Worm Breeder's Gazette 12(2): 80 (January 1, 1992)
These abstracts should not be cited in bibliographies. Material contained herein should be treated as personal communication and should be cited as such only with the consent of the author.
Serotonin antisera stain some neurons specific to the male in C. elegans (The Worm Book, p.377-8). Among these are six cells in the ventral nerve cord that have been tentatively identified as the CP motoneurons derived from P(38).a (G. Garriga, personal communication). These neurons, along with the pair of NSM neurons in the pharynx, are the brightest, most reliably staining serotonin-immunoreactive cells in the worm. EM reconstructions show that CP neurons have neuromuscular junctions with male-specific diagonal muscles, suggesting they may play a role in male mating behavior (The Worm Book, p.121).
Mating behavior of the adult male is among the most complex behaviors exhibited by C. elegans. The behavior can be divided into at least five components: recognition, backing, tail curling, vulval location, and copulation (including spicule insertion and sperm transfer); candidate neurons involved in many aspects of this behavior have been identified by ablation (Sulston, WBG 7(2): 22; Liu and Sternberg, Soc. Neurosci. Abstr. 17: 549). When an adult male contacts an hermaphrodite with his tail, he immediately backs along the surface of the hermaphrodite, pressing his tail firmly to the hermaphrodite. When he reaches the end of his intended mate, he makes a tight ventral curl to place his tail in contact with the opposite surface. The male then continues moving his tail along that surface in search of the vulval opening. This behavior may be repeated many times before the vulva is located and copulation is initiated.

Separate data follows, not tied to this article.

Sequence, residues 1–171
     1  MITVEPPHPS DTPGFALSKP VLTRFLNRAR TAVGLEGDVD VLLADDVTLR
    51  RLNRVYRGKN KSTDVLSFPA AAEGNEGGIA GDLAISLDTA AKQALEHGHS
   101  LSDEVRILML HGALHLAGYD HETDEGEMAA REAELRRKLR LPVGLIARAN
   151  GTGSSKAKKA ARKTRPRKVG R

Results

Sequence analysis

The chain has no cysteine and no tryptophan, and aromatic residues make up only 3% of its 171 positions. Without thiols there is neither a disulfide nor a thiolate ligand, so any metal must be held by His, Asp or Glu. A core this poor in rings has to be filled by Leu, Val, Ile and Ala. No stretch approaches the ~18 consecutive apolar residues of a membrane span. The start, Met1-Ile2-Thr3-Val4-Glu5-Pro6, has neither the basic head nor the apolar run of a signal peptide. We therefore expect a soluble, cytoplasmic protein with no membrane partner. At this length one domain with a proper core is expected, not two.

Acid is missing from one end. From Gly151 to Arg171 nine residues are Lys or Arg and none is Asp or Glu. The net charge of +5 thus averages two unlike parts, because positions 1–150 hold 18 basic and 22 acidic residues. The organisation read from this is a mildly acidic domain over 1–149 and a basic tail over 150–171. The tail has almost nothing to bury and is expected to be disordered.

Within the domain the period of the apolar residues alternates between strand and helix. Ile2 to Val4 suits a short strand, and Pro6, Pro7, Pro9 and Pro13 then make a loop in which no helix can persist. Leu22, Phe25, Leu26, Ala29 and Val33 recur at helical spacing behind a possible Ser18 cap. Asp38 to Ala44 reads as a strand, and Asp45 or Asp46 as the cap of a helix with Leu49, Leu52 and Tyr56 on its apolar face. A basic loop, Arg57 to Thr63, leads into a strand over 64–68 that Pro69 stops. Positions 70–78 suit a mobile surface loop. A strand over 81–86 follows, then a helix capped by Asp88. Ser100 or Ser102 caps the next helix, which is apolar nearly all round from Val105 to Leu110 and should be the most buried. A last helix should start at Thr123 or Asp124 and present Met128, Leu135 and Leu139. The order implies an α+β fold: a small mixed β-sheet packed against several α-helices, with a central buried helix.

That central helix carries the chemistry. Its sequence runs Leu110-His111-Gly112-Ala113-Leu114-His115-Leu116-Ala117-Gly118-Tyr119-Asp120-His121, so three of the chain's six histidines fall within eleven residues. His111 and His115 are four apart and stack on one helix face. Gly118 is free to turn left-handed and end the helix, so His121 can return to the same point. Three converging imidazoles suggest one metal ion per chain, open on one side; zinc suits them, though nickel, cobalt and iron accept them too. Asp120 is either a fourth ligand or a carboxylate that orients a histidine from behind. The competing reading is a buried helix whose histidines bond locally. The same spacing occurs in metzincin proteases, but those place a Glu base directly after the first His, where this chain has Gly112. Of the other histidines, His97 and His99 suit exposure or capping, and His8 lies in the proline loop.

Application of serotonin to male worms is known to result in a tight ventral curling of the tail (see below), reminiscent of turning exhibited during mating behavior.
[See Figure 1]
To investigate the role of the CP motoneurons and serotonin in male mating, we assayed the tail curling/turning ability of individual males following ablations or in males containing mutations that alter serotonin expression. Ablation of the mesoblast M eliminates the diagonal muscles of the male, the postsynaptic target of the CP motoneurons. In M-ablated males, application of serotonin no longer caused a tight ventral curling of the tail, although the posterior body was slightly curled ventrally. These males were severely deficient in turning behavior. Ablation of the immediate precursors of CP's (P3-8.aap) also resulted in males that were deficient in turning, although they were not as severely affected as M-ablated males (see graph below). We have also confirmed that the serotonin-containing ventral cord neurons are derived from P(3-8).aap by ablation for example, when P3 .aapand P4 .aapwere ablated and the male subsequently stained with anti-serotonin, the two most anterior cell bodies were missing.
We wondered whether worms with altered serotonin expression would show similar defects. cat-4 mutants lack anti-serotonin staining; cat-1 worms have variably decreased serotonin staining (Desai et al, 1988, Nature 336: 638). cat-1 and cat-1 males display decreased mating efficiency (Hodgkin,1983, Genetics 103: 43). cat-4 males were similar to CP-ablated males in their poor turning ability; cat-1 males were variably deficient in turning (see graph below). The mutant ad446 (courtesy of G. Garriga) also lacks serotonin and appears to be similarly defective. Since cat-4 and cat-1 are also deficient in dopamine expression (Sulston et al., 1975, J. Comp. Neurol. 163: 215), we also scored the turning ability of cat-2 mutants, which are dopamine deficient, but wild type for serotonin. These males were only slightly poorer than wild type in turning ability. Although most of the turning defect in cat-4 males may be accounted for by defective CP's, there may also be a sensory deficit at least two ray neurons are stained by serotonin antisera in wild type.
Thus, ablation of CP's or reduction of serotonin results in a specific behavioral deficit in male mating behavior. We plan to screen for mutants in turning behavior to obtain additional serotonin-deficient mutations. Mutations that cause loss of serotonin expression may alter genes needed for serotonin synthesis or genes that regulate their expression; these may provide us a handle to understanding the regulation of the serotonergic phenotype.
[See Figures 1-4]